“In fact,” said Long, “Pennsylvania has the largest network of overseas offices of any of the 50 states. The investment representatives will be our eyes and ears on the ground.”
Among major international companies which have found a place in Pennsylvania’s business community are Shire Pharmaceuticals, Gamesa, Siemens, Almac, Nestle, and Toshiba.
Commenting on the new program, C. Alan Walker, Secretary, Pennsylvania Department of Community and Economic Development, said, “Gov. Corbett’s commitment to an improved business climate and lower taxes is resulting in businesses from around the globe taking a serious look at Pennsylvania to grow and thrive. Our efforts to attract international companies will be strengthened by this new partnership and together we can introduce a new, energized Pennsylvania to businesses throughout the world.”
The Team Pennsylvania Foundation, also a key partner in the project, has worked extensively to increase the state’s share of international business, leading trade missions overseas and conducting stateside tours for foreign journalists, consultants, engineers, and others who have contact with firms overseas.
“Team PA is proud to unite with our REN partners and the state’s Office of International Business Development via a program geared to provide expansion opportunities for Pennsylvania businesses while attracting new ones to the Commonwealth,” said Matt Zieger, President and CEO, Team PA. “This initiative dovetails nicely with the recommendations in the Governor’s Manufacturing Advisory Council report as we collaborate with our partners to build an even stronger manufacturing sector in Pennsylvania.”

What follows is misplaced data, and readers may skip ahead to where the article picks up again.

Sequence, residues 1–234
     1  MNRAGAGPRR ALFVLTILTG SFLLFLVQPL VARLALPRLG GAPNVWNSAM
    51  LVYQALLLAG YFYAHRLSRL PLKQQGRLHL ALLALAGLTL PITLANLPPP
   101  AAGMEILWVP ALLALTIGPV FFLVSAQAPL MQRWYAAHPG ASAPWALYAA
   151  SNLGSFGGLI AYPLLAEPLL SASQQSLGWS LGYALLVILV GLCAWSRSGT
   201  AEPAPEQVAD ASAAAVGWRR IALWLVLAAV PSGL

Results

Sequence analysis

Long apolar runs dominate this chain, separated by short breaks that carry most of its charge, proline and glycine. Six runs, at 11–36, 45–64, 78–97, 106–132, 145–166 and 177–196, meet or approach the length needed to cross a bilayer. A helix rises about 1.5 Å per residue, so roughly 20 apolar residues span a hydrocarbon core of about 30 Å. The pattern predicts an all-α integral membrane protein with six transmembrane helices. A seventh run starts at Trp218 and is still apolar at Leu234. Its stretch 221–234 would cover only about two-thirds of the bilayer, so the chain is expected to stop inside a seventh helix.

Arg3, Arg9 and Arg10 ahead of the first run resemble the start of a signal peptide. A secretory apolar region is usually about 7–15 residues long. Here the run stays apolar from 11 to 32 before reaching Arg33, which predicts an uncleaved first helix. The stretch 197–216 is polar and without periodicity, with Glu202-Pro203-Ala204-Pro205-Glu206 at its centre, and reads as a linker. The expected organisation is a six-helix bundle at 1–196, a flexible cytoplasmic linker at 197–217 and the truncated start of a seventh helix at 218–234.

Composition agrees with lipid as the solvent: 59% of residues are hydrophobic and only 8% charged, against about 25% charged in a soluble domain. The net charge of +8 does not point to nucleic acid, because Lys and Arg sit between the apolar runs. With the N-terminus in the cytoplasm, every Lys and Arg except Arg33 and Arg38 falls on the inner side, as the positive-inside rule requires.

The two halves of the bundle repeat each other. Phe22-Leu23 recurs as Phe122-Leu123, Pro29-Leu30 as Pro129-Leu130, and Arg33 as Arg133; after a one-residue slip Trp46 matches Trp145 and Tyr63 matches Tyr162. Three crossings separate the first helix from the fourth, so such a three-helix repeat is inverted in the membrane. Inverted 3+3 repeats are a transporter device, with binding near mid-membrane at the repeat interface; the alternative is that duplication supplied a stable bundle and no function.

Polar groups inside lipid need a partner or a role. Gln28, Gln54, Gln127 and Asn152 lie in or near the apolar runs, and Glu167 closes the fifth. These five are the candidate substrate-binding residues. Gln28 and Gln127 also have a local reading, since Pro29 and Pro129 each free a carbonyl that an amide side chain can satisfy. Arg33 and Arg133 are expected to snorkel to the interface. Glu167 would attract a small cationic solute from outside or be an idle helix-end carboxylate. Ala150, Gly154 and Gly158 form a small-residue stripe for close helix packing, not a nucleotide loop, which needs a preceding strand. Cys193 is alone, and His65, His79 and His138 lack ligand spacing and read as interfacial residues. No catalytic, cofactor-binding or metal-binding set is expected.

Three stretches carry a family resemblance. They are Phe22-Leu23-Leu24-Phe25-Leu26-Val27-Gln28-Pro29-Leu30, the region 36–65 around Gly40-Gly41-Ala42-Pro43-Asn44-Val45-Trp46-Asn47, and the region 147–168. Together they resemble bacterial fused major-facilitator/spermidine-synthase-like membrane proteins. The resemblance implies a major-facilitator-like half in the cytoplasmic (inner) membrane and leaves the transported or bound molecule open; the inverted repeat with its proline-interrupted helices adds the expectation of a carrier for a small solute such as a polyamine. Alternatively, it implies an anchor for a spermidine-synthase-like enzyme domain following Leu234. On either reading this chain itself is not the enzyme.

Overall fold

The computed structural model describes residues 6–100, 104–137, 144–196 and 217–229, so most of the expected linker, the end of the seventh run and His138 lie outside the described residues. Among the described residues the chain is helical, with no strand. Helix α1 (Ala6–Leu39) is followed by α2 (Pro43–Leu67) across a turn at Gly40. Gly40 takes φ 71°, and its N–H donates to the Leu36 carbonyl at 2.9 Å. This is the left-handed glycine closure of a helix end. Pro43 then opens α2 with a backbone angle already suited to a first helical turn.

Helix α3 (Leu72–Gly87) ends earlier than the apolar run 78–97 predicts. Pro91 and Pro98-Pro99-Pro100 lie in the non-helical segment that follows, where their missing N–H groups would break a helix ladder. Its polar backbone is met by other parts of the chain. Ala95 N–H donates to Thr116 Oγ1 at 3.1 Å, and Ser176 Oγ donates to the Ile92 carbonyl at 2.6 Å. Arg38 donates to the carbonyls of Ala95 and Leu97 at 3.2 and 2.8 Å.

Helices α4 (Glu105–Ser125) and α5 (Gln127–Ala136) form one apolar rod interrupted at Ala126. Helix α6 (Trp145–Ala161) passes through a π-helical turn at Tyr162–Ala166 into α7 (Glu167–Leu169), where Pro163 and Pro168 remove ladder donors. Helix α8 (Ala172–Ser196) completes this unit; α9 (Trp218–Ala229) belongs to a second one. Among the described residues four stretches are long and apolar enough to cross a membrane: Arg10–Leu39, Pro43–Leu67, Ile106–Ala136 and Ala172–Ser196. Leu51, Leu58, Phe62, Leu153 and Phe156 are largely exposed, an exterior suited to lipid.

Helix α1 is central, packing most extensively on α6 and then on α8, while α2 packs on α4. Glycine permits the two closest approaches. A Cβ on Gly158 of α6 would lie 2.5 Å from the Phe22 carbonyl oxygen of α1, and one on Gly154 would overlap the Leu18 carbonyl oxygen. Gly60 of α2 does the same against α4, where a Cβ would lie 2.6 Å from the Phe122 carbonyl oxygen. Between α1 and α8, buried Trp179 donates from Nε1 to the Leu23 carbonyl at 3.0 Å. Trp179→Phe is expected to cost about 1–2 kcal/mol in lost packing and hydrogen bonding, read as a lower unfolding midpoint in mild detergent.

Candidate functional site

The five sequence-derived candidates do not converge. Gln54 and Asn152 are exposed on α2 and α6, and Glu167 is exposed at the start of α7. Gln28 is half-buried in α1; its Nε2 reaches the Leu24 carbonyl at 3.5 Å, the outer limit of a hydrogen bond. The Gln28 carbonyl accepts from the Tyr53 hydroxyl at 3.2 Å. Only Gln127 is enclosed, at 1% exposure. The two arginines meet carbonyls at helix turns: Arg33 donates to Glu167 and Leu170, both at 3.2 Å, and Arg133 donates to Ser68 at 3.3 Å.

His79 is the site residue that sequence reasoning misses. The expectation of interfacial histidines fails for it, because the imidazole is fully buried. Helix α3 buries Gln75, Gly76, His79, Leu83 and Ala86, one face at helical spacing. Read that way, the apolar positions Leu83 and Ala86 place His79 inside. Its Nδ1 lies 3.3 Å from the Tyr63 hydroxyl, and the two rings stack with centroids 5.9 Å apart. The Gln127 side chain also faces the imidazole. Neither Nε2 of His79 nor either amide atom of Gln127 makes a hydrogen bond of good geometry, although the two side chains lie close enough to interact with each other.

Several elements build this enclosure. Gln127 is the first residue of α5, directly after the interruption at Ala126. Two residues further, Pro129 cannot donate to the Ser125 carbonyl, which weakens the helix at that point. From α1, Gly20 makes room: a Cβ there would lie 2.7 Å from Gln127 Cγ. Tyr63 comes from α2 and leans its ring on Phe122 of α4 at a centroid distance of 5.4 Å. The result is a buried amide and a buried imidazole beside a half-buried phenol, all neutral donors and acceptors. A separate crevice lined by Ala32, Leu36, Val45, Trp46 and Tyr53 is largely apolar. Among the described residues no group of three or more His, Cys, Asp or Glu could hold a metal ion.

The project will be carried out over three years, and much of the first year will be devoted to training and preparation. Pennsylvania’s Industrial Resource Centers, including the IMC in Williamsport, will identify and analyze the state’s “industry clusters,” i.e., independent companies, congregated together, and sharing complementary interests and requirements. “This is where international companies will find great opportunities,” Long said, “meeting the needs of our industry clusters, whether in terms of supplies, manufacturing, or distribution.” As industry clusters and additional opportunities are identified, Workforce Investment Boards will be charged with training the labor force needed to meet companies’ requirements.
Extensive training will also be provided to economic development professionals who will interact directly with potential foreign investors. They are going to learn how to attract and host foreign investors, learning about their cultures and protocol.